Bart leaned toward Van. "Personally, I think the Ranger captain is trying to recruit you. He thinks if he can get you to show up at one of their headquarters, you'll cave in and finally agree to join."
"Not happening." Van munched on a slice of bacon, then slathered sand plum jelly—his favorite—on the toast.
"I'll be sure to quote you verbatim when I respond to the Ranger captain and the politician."
Van disliked the Rangers that had swooped down on the Kiowa and Comanche village where he'd grown up. His clan had been in constant conflict with the army and Rangers…until the military had received orders to slaughter Indian horse herds and to march surviving tribe members to the hated reservations in Indian Territory. His mother's people had urged him to take advantage of the fact that his father had been a white trader and to avoid confinement by becoming white.
He had fled to begin indoctrination into white society. Now he had his freedom and he received exceptionally high fees for his skills as a hunter, tracker and shooter. But he refused to take any assignment for the Rangers or the military. They couldn't pay him enough to forget the heartache his people suffered at their hands. "Van?" Bart prompted.
Van shook off the unpleasant memories then sipped his coffee. "Sorry. My mind wandered. What were you saying?"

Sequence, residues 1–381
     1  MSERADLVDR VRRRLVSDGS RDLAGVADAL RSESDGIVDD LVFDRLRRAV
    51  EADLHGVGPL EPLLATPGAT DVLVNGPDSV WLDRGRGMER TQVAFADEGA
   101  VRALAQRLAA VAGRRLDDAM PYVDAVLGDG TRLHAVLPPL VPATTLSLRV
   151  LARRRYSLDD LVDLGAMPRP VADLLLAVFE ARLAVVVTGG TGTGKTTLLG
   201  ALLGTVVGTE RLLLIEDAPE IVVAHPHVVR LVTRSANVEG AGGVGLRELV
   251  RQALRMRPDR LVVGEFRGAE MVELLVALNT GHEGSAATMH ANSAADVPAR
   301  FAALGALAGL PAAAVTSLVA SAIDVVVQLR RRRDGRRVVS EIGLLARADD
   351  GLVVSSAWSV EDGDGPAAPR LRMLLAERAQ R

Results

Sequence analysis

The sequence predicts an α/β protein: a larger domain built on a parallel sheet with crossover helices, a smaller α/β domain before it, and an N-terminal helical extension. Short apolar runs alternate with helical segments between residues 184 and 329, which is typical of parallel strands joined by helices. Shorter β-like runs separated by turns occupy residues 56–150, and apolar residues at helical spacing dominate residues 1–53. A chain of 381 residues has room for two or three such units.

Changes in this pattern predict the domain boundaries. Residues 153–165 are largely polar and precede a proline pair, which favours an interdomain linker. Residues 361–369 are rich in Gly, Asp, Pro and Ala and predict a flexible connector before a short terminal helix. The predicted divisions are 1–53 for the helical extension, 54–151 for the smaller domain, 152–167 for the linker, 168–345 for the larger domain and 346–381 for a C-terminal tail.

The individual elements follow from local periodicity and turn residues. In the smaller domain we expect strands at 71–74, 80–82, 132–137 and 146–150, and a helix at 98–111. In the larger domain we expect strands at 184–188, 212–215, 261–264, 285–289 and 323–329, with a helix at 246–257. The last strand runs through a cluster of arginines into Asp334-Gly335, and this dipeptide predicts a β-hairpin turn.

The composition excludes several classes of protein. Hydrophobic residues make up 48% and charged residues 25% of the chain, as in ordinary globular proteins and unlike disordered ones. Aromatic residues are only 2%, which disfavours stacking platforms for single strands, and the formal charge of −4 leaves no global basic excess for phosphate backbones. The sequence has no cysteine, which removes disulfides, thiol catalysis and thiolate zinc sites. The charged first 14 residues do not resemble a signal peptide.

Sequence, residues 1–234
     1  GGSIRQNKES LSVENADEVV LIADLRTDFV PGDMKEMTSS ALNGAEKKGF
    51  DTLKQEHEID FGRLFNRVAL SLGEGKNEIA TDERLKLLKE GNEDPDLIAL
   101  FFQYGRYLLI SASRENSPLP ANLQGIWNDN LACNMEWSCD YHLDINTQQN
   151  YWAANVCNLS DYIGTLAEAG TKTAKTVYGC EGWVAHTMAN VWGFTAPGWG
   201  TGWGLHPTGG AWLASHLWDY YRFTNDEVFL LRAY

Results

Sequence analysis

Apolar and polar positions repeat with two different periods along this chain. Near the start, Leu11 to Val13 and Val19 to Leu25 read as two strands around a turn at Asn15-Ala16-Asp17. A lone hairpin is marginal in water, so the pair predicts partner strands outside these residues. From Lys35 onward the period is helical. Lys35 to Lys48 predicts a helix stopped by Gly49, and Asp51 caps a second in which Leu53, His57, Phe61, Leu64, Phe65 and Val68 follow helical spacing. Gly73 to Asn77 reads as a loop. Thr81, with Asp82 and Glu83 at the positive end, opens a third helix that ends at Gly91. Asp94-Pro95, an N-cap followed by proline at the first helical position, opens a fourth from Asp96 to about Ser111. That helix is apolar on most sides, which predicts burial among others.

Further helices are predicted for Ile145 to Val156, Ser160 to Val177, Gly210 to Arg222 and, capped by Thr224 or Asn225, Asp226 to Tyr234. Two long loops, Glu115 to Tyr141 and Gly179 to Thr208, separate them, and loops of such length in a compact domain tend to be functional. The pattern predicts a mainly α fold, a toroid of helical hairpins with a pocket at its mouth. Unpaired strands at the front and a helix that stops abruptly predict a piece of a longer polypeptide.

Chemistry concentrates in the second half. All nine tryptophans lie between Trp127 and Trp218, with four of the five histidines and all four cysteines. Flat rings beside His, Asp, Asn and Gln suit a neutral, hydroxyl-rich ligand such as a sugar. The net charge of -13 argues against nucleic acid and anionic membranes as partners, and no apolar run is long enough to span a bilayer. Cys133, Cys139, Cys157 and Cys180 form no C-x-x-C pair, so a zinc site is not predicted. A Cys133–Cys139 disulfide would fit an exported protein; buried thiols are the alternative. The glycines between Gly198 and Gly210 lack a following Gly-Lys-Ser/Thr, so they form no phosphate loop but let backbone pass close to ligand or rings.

"Some large ranchers in Colorado are feuding with sheepherders who have slaughtered their livestock…or so they claim. Five big ranchers formed a stock growers association and want to hire you to investigate. You'll receive the usual going rate of two thousand dollars for every conviction, plus reward money and traveling expenses."
Van munched on his tasty meal while Bart listed other assignments that would take him hither and yon, investigating a recent robbery in the no–man's–land between Indian Territory, Texas and Kansas and a horse theft in the Texas Panhandle.
He didn't show much interest in any of the assignments until Bart said, "But I agree that you won't have time for too many new jobs since this telegram states that your fiancée will be arriving tomorrow on the five o'clock train from Fort Worth."
"MY WHAT?" Van croaked—then choked on his toast.
Bart leaped to his feet to whack Van between the shoulder blades until he caught his breath. "That's what I said," he remarked while Van wheezed and coughed. "You never mentioned a fiancée."